Another One for The Punk [Archaeology] Bookshelf

I finally got a chance to finish reading Brian James Schill’s This Years Work in the Punk Bookshelf, or, Lusty Scripts (2017). It is a vital component to any collection of recent punk rock literature and holds its own next to Zach Furness’s Punkademics, Beer’s Punk Sociology, and, even (modestly of course), Punk Archaeology.

Unlike those books which tend to deal more with the performative aspects of the punk movement, their radical politics, DIY aesthetic, or their general ambivalence toward convention, Schill’s book considers the intellectual roots of punk rocks and reconstructs a punk bookshelf filled with the works of Nietzsche, Freud, Marx, Dostoevsky, Henry Miller, Genet, and Philip K. Dick. While, I won’t do too much of a review here, because I’m interviewing him for a longer piece over at North Dakota Quarterly that’ll appear next week, I wanted to draw some attention to this book, especially among my punk archaeology friends.

One of the key things that I learned from Schill’s careful reading of punk lyrics and punk literature – from the genuine literary outputs of Richard Hell and Exene Cervenka to the myriad interviews in often ephemeral punk and music zines of the day, is the tremendous ambivalence in punk. For every moment of Dionysian fervor on stage, there’s an equal moment of contemplative reflection on genuinely challenging texts that fueled their transgression. The careful reading of Marx and the frequent commitment to radical politics belied their sometimes bourgeois upbringing and tastes in literature. Their rejection of convention often did not extend to their rejection of education with numerous punks going on to receive graduate degrees. Schill’s work explores and attempts in many ways to resolve this tension and to demonstrate certain broad patterns in punk bookshelf that both elucidate and run counter to the prevailing view of punk as an anti-intellectual movement.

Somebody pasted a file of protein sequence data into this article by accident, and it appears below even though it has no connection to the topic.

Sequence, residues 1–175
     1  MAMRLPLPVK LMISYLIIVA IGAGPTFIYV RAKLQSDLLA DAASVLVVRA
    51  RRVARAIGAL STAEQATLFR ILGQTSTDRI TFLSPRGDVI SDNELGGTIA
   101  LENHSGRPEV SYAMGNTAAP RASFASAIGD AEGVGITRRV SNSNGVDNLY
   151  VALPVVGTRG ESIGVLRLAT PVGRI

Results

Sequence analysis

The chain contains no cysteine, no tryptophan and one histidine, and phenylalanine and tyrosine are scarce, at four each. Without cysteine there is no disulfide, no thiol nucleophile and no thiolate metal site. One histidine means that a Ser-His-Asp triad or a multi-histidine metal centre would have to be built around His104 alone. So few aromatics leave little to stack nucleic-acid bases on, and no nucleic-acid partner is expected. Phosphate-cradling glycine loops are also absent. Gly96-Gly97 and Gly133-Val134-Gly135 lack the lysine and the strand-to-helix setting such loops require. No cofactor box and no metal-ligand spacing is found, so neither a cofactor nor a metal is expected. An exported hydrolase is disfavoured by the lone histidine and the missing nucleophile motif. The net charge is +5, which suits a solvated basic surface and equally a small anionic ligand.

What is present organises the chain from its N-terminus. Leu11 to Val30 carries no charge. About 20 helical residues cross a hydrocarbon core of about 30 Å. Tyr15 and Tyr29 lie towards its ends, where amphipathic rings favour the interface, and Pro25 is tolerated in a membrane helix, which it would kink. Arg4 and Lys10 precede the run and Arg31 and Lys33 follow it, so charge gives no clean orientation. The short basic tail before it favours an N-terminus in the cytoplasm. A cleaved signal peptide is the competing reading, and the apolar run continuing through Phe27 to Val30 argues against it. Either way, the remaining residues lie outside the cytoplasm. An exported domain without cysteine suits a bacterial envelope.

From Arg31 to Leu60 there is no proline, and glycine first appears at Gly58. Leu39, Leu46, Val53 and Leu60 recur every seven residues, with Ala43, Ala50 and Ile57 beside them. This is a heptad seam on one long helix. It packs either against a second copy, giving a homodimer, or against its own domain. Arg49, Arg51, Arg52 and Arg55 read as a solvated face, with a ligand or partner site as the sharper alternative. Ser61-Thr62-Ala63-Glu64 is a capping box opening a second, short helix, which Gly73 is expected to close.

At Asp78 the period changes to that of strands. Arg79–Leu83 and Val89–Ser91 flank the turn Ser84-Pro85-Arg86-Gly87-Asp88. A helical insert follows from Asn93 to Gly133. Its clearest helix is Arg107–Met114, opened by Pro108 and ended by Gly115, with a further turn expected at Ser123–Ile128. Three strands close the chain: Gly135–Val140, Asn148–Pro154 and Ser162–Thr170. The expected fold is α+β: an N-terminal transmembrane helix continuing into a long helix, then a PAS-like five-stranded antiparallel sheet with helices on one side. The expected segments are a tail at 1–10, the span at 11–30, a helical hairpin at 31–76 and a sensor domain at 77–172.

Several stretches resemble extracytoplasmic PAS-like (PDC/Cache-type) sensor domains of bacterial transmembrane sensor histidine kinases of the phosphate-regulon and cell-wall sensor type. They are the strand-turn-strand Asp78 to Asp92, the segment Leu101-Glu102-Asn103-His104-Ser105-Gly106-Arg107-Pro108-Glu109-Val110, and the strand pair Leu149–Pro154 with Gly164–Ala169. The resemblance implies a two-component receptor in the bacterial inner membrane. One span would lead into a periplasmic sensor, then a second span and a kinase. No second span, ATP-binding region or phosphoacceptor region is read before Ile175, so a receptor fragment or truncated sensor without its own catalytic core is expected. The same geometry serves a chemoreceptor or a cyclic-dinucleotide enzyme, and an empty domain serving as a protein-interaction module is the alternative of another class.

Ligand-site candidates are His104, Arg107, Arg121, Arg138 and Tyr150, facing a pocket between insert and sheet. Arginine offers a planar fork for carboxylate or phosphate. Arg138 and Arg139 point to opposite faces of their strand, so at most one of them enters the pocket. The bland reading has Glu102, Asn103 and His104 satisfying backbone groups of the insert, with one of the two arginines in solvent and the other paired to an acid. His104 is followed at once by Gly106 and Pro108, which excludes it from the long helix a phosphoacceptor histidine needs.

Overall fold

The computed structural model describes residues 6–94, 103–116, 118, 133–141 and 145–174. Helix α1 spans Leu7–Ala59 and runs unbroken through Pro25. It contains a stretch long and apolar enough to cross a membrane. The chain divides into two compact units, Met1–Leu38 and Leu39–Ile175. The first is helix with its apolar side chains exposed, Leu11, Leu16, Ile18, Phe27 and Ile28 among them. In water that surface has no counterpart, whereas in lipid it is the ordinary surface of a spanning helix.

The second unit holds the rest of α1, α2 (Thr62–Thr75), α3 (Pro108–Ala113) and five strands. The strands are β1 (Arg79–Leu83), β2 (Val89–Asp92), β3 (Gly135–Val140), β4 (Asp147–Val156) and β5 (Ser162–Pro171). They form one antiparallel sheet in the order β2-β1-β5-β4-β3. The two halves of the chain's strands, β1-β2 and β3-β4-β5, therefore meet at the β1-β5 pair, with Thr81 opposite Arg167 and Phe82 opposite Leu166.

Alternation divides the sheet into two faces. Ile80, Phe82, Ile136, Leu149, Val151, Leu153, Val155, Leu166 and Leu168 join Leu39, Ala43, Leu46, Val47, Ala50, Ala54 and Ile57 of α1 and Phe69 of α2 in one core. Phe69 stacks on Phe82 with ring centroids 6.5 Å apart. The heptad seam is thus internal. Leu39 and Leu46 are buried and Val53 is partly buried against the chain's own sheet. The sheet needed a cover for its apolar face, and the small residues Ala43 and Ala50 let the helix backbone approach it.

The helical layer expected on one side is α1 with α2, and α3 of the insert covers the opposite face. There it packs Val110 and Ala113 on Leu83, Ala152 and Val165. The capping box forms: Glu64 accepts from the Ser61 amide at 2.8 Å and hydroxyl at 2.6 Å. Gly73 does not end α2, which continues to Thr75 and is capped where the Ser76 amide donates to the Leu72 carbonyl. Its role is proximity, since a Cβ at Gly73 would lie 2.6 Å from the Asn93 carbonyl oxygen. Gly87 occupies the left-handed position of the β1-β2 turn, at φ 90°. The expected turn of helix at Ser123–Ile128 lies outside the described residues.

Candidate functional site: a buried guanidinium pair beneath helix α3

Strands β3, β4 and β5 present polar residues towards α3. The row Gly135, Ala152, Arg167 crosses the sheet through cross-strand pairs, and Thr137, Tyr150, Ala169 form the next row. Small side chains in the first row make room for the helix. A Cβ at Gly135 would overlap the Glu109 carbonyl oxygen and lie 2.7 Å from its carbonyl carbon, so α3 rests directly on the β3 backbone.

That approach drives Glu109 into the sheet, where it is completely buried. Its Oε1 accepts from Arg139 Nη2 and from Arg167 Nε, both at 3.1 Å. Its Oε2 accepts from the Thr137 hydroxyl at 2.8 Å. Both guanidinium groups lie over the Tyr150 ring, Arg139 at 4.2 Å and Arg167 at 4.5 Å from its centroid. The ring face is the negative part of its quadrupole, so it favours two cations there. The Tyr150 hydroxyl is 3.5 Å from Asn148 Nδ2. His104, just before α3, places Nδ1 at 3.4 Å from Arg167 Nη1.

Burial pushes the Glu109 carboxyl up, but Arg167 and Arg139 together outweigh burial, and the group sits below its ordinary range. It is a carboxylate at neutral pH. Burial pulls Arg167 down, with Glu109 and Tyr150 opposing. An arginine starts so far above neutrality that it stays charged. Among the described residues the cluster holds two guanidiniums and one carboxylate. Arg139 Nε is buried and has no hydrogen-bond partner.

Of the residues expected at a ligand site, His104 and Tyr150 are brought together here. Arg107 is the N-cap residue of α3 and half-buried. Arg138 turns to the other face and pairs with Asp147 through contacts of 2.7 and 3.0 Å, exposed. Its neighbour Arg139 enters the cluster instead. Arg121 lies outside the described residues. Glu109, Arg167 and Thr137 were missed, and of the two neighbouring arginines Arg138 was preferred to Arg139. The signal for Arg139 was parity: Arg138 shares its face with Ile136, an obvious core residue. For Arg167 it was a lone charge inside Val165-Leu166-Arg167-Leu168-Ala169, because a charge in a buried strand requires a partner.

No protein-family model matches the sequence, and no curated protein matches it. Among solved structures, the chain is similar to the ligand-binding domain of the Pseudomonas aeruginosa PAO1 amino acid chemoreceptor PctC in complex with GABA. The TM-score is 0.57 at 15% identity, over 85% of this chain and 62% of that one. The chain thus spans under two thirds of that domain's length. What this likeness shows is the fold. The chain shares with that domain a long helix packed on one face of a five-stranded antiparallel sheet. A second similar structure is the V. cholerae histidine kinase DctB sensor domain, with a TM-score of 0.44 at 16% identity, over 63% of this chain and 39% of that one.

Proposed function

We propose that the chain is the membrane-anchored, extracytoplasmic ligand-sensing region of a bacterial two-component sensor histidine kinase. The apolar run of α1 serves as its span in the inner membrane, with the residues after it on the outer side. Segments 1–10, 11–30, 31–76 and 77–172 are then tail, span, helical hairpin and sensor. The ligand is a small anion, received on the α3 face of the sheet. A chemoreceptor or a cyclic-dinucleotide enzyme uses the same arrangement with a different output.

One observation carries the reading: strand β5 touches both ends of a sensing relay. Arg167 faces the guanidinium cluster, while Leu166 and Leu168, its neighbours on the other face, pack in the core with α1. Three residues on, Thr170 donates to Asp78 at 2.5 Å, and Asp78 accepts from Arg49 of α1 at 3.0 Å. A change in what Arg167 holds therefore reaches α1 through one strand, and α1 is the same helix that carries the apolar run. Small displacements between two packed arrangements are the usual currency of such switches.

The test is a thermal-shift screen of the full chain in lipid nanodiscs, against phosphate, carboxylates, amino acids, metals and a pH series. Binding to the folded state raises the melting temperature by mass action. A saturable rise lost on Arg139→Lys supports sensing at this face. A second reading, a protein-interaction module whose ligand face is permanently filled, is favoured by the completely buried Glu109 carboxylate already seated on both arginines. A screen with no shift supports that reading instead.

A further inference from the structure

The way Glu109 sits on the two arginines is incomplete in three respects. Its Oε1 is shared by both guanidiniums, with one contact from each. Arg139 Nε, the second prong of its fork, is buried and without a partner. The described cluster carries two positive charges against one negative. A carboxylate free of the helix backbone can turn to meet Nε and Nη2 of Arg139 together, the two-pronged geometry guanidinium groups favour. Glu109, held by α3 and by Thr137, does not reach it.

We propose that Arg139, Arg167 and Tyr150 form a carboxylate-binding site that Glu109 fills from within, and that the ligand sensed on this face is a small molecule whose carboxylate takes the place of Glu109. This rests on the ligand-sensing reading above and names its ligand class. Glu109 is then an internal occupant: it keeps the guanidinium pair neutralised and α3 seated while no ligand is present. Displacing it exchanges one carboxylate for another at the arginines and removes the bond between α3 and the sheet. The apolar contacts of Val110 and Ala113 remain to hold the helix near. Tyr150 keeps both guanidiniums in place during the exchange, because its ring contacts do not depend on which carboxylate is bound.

The book is very much an exploration of punk as a field of literary expression that is only gently tethered to social, economic, cultural or political life of the day, the grind of the music industry, or even the musicality of punk in general. But this is not a bad thing, necessarily, because it shows that however much punks were sellouts, products of their era, poor or untrained or just uninteresting musicians, or posers, they were well-read, thoughtful, and reflective. In a word, no matter how much their music seemed and sounded derivative, uncontrolled, and angry, they were not superficial and in their own way they sought to be genuine.

When Kostis Kourelis and I started talking about punk archaeology, we began with the simple question of why so many archaeologists found something significant in punk rock music. Pursuing that across a blog and a book, we argued that it was the DIY aesthetic, the critique of convention, or even the explicitly performative character of archaeological work that drew us to punk. We didn’t say as much about the intellectual side of punk rock. Maybe we recognized the Marxist, collectivist character of the Mekons, the presence of entropy and destruction in the work of the Velvet Underground or Iggy Pop, or the focus on materiality in Philip K. Dick, William Gibson, and other cyberpunk authors, but we certainly didn’t dig as deeply (see what I did there?) into the intellectual roots of punk rock to find cross currents with archaeological work (or at least I didn’t). Even the allusions to Freud that Schill excavates from numerous punk songs passed through the collective sieves of our punk archaeological imaginations.  

Schill’s book brings the intellectual aspects of punk rock into a greater focus, and in that way deserves a place on the punk [archaeology] bookshelf. Stay tuned for a conversation with the author over at the North Dakota Quarterly page next week!

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